Right out of the gate, the Zac Brown Band had been considered country. But, since then, you guys have always done your own thing. Was that part of the design starting out or is that just how things evolved? I think that when you start to recognize that people are appreciating a certain kind of aspect of what you do, you may spend a little time enhancing that and maybe making more of it. But, throughout the beginning or throughout the entire time we’ve been a band, we’ve always been covering things like Rage Against the Machine and then flipping over to James Taylor. We just have a massive respect for a massive number of genres of music. We don’t want to be pigeonholed. So, I do consider that to be us doing our own thing. We’ve been doing it since the beginning. It’s just that we’ve got this huge catalog that continues to be recurrent on country radio. And those people who don’t know us as a live band have no idea who we actually are. It’s tricky because out of seven or eight records, there’s only 10 or 11 songs that everybody knows and they’re all similarly in the country genre.

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One would surmise to that it’s about serving the song, rather than a formula.

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Right. You know, I find a lot of these songs speak to me and a lot of them don’t, but that’s just the nature of being in a band with eight guys. I mean, you’re not going to agree on everything. It’s a little tricky, personally, but I wouldn’t have it any other way — I wouldn’t.

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Tim O’Brien Band

No way to stop the flow Tim O’Brien

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n the annals of bluegrass history, the chapter on multi-instrumentalist Tim O’Brien is not only long and bountiful, it’s also ongoing — a continual evolution of string music and melodic exploration. O’Brien hails from Wheeling, West Virginia, home of the WWVA Jamboree, which — since 1933 — is one of the most popular country and

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variety radio programs, second in longevity after the “Grand Ole Opry.” As a teenager, O’Brien dropped out of college in 1973 and hit the road with dreams of becoming a professional musician. By the late 1970s, he ended up in Colorado, forming the groundbreaking newgrass act Hot Rize (which won the first International Bluegrass Music As-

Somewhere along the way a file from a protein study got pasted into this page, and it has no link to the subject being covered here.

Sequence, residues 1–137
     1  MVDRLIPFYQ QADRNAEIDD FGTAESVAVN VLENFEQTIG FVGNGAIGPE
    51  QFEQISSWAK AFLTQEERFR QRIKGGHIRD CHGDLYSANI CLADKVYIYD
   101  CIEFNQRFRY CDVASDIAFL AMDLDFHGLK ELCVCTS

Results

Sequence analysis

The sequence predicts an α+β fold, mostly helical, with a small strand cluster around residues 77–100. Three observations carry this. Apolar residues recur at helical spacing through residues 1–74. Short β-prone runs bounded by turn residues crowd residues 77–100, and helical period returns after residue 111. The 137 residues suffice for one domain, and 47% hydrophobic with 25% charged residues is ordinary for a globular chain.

sociation award for “Entertainer of the Year” in 1990). And though the group still performs semi-regularly, O’Brien himself has found footing over the last few decades as a Grammy-winning solo artist (and IBMA “Male Vocalist of the Year” in 1993 and 2006), one whose output and rigorous touring schedule has brought

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Caleb Smith

Workshops The festival workshops will take place on Saturday, Dec. 7. • 11 to 11:50 a.m. — Balsam Range (full band) at the Terrace Auditorium. • Noon to 12:50 p.m. — Individual instruments in the Terrace Auditorium. Instructors include Buddy Melton (fiddle), Tim Surrett (bass), Caleb Smith (guitar), Darren Nicholson (mandolin) and Marc Pruett (banjo) of Balsam Range. • Noon to 1 p.m. — Songwriting in the Terrace Room. • 1 to 2:30 p.m. — Instrument building with Caleb Smith in Terrace Auditorium. • 1 to 3 p.m. — Dance in the Harrel Center with Uncle Ted White & Whitewater Bluegrass Co. Youth welcome with adult. All workshops listed above are included with a ticket to Saturday’s show. Space will be filled in a first come, first serve basis. No signup is necessary. For more information, click on www.balsamrangeartofmusicfestival.com.

him into the upper echelon of that “high, lonesome sound.”

With the new elaborate Ken Burns documentary, “Country Music,” did that circle back at all about not only what you love about these genres (bluegrass, country, blues, folk), but also your responsibility as an artist to perpetuate these histories and traditions? Well, it all starts resonating and watching that really kind of brings that forward. You just kind of tingle a little bit about where you are in this. It’s a big thing and it’s a sort of an overall cultural expression of our country — the United States and the melting pot that it is. All the elements are still interacting and, you know, there’s still some friction there, still some cultural appropriation. It’s such a big subject, but mostly I’m humbled that I’m in this amazing body of music. And also, I realize there’s so many people doing this and it’s just sort of natural, like trees growing or grass growing. It’s just